Daisy And The Dragon, a
Pantomime © December 2010 Elizabeth Mills

There is a school of thought that contends that the legend of Saint George was usurped by his followers from a much earlier account. The tale of Daisy And The Dragon was rooted in popular folklore long before the English Patron Saint Committee met to choose someone to symbolise the nation’s strength and bravery. In that previous version, the dragon was a hideously deformed creature owned by a particularly unsavoury tax collector from Surrey, and the slayer’s name was Daisy. Sadly, after much discussion over many brown
ales at the King’s Head, the committee felt that the name Daisy was
just too, well, girly, so they made up a story that involved damsels
and swords and a frankly ridiculous reptile.

To set the record straight, here is the true account of Daisy and the Dragon.

Daisy was a lad of fourteen, who lived in an age when poor people had to work to survive, even if they suffered from, like, stress and nerves and stuff like that, you know?

His parents, bless them, were uneducated, and knew not what they did when they chose the name Daisy for him.

He was a simple serf; he owned no land, and made his meagre living from labouring day and night for his master, Baron Roast of Ruislip. The noble lord had become very rich and fat by falsifying the accounts of the taxes he raised for the King, and pocketing a sizeable chunk for himself. He accrued a huge estate, and ruled over his workers with sadistic greed, aided by his servant, Split.

Some information about Split would be beneficial at this point. Opinions vary as to whether or not he was human or animal, or both. He was huge, and incredibly ugly, and though he walked upon his hind legs, he did so with a stoop and a sliding motion, like he was dragging something along behind him. Whenever Lord Roast set him upon some unfortunate soul, that person fled in terror, with Split lolloping in lazy pursuit. Though the creature always returned, his victims were never seen again, and no trace of them was ever found. The people called him The Dragon, on account of his strength and bad breath.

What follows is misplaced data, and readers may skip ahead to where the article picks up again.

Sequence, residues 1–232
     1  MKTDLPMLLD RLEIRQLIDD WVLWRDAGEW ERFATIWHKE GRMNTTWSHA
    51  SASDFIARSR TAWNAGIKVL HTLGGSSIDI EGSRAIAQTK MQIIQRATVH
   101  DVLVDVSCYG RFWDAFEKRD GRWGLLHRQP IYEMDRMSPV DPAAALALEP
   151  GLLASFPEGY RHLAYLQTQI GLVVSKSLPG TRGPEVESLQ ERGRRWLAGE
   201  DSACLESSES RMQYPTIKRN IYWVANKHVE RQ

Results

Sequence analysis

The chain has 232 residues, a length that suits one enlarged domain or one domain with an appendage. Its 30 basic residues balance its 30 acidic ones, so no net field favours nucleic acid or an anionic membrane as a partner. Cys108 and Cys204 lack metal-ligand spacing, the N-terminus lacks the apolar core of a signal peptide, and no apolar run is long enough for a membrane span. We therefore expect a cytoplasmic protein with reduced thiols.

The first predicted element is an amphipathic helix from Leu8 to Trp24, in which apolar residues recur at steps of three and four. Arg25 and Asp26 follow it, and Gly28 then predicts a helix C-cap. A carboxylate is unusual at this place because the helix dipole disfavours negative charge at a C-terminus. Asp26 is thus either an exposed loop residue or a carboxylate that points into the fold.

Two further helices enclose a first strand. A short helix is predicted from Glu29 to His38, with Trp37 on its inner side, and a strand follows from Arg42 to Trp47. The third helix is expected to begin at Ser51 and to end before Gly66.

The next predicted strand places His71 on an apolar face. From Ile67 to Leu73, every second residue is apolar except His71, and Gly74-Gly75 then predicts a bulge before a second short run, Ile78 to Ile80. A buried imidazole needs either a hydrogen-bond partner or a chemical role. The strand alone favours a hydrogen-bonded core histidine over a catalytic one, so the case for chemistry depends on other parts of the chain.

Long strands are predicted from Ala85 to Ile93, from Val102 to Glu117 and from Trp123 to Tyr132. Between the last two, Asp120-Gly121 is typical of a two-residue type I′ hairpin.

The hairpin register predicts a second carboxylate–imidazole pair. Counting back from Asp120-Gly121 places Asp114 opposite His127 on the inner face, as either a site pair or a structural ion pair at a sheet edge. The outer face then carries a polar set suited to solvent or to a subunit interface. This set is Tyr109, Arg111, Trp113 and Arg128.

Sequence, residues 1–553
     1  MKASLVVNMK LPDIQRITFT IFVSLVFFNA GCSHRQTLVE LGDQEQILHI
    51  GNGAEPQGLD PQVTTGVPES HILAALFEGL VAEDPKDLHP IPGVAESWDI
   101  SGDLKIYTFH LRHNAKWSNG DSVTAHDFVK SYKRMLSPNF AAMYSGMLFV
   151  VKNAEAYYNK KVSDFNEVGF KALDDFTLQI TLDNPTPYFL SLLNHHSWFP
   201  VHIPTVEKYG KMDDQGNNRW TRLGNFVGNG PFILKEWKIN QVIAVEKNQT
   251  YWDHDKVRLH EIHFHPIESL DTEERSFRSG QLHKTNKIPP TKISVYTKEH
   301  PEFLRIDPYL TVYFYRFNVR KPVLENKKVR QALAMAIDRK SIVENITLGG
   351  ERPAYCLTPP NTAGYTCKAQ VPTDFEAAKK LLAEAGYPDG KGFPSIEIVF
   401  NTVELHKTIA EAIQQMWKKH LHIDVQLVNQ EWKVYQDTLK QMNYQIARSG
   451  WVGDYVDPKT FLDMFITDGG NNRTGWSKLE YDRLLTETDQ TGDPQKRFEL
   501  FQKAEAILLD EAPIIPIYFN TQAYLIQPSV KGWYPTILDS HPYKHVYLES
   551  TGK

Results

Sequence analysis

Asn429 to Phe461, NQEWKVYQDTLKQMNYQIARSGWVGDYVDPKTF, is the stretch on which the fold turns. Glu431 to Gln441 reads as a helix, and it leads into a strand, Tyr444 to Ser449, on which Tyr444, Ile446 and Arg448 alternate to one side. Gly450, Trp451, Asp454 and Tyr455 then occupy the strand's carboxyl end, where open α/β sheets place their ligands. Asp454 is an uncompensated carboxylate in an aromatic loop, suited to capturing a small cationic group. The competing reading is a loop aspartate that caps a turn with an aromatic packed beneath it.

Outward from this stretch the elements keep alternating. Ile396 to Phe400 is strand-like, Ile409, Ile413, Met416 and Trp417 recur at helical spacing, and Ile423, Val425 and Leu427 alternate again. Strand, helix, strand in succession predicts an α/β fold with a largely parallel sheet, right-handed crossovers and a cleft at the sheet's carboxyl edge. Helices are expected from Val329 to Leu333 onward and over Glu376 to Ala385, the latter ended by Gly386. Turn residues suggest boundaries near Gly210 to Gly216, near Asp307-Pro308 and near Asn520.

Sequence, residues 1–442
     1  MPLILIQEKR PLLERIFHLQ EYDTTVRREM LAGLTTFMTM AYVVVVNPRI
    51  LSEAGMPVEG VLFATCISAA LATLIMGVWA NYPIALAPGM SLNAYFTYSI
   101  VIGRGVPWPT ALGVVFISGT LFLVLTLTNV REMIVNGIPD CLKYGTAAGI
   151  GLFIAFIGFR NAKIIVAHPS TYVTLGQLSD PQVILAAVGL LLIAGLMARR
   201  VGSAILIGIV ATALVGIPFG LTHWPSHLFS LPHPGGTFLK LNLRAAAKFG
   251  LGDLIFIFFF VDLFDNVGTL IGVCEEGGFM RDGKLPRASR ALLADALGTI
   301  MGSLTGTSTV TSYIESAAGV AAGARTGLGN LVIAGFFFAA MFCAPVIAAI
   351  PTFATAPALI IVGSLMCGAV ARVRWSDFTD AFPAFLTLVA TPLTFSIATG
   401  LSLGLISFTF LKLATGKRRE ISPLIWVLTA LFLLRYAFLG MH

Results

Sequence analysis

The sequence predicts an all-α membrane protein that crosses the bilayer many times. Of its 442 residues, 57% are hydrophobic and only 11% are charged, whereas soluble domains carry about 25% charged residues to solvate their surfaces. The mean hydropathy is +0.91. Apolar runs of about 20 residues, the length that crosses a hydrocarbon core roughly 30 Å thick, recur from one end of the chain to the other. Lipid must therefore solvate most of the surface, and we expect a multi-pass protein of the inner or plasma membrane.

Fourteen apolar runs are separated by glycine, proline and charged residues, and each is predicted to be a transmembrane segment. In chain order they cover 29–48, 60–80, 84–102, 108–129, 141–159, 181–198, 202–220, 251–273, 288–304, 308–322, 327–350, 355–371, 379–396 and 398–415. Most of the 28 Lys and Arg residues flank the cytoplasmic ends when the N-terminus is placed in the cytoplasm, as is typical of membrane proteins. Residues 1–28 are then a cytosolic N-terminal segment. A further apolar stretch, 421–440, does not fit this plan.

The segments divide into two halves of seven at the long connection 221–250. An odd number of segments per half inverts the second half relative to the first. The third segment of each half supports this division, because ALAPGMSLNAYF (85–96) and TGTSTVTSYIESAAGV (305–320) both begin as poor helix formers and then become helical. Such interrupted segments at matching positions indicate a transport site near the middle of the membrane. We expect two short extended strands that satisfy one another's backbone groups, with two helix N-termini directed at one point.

Daisy had a heavy responsibility. As well as supporting himself, he also had to look after his little sister, Bruce, and keep her hidden from the evil lord, who had ordered all girl babies to be drowned at birth. Daisy’s parents had disappeared a year earlier, following a visit from Split, and he was left alone to care for her.

One day, bad Baron Roast was patrolling his lands, riding on Stephen, one of his magnificent stallions, with Split at his side, when he came upon the field where Daisy lived and worked.

Daisy was busy, tilling the land or whatever it is serfs do. He looked up when his master arrived and saw with dismay that Bruce was playing outside their mud hut, smiling at the funny man on his horsey horsey.

He threw down his serfing stick thing and ran to his sister’s side, courageously confronting the lord and his monstrous henchman, who both glared at him.

“You have been hiding a girl-child from me,” accused the Baron, his podgy, brown face contorted with anger. “She has been eating food you should have given to me. For that you will both die.”

(At this point the audience hiss and boo, and the Baron turns to face them.)

“You’ll be next, if you don’t behave.”

(Derisive laughter and more booing)

“You will have to catch us first,” shouted Daisy, snatching up the frail body of his tiny sibling and running into the woods.

The Baron turned to Split and nodded, and the creature loped off towards the woods where Daisy and Bruce had disappeared.

In the darkness under the canopy of trees, the children ran, panting, trying to get as far away as possible. They knew these woods well, and made good progress, but they soon heard the sounds of Split smashing his way through the thick undergrowth behind them.

Daisy knew they would stand no chance against the brutal strength of the mutant, and only his wits and knowledge could save them. Quickly, he circled the swamp, then stopped on the far side, waiting for Split to appear. He did not have to wait long before the ugly brute burst out of the thicket, only fifty feet away. Split skidded to a stop when he saw the children, and let out a great blood-curdling roar.

“Well,” shouted Daisy, sounding braver than he felt. “What are you waiting for? Come and get us!”

Split lurched towards them, splashing through the shallow waters at the edge of the swamp. By the time he realised he was sinking deeper into thick mud it was too late. He was stuck. He could not move forwards or back and, as his head sank beneath the black, bubbling waters, he gave a great bellow of rage, which was suddenly cut off by the sludge into which he vanished forever.

Daisy and Bruce hugged each other with joy, then set off to walk to London to tell the king about the evil Baron, but that’s another story.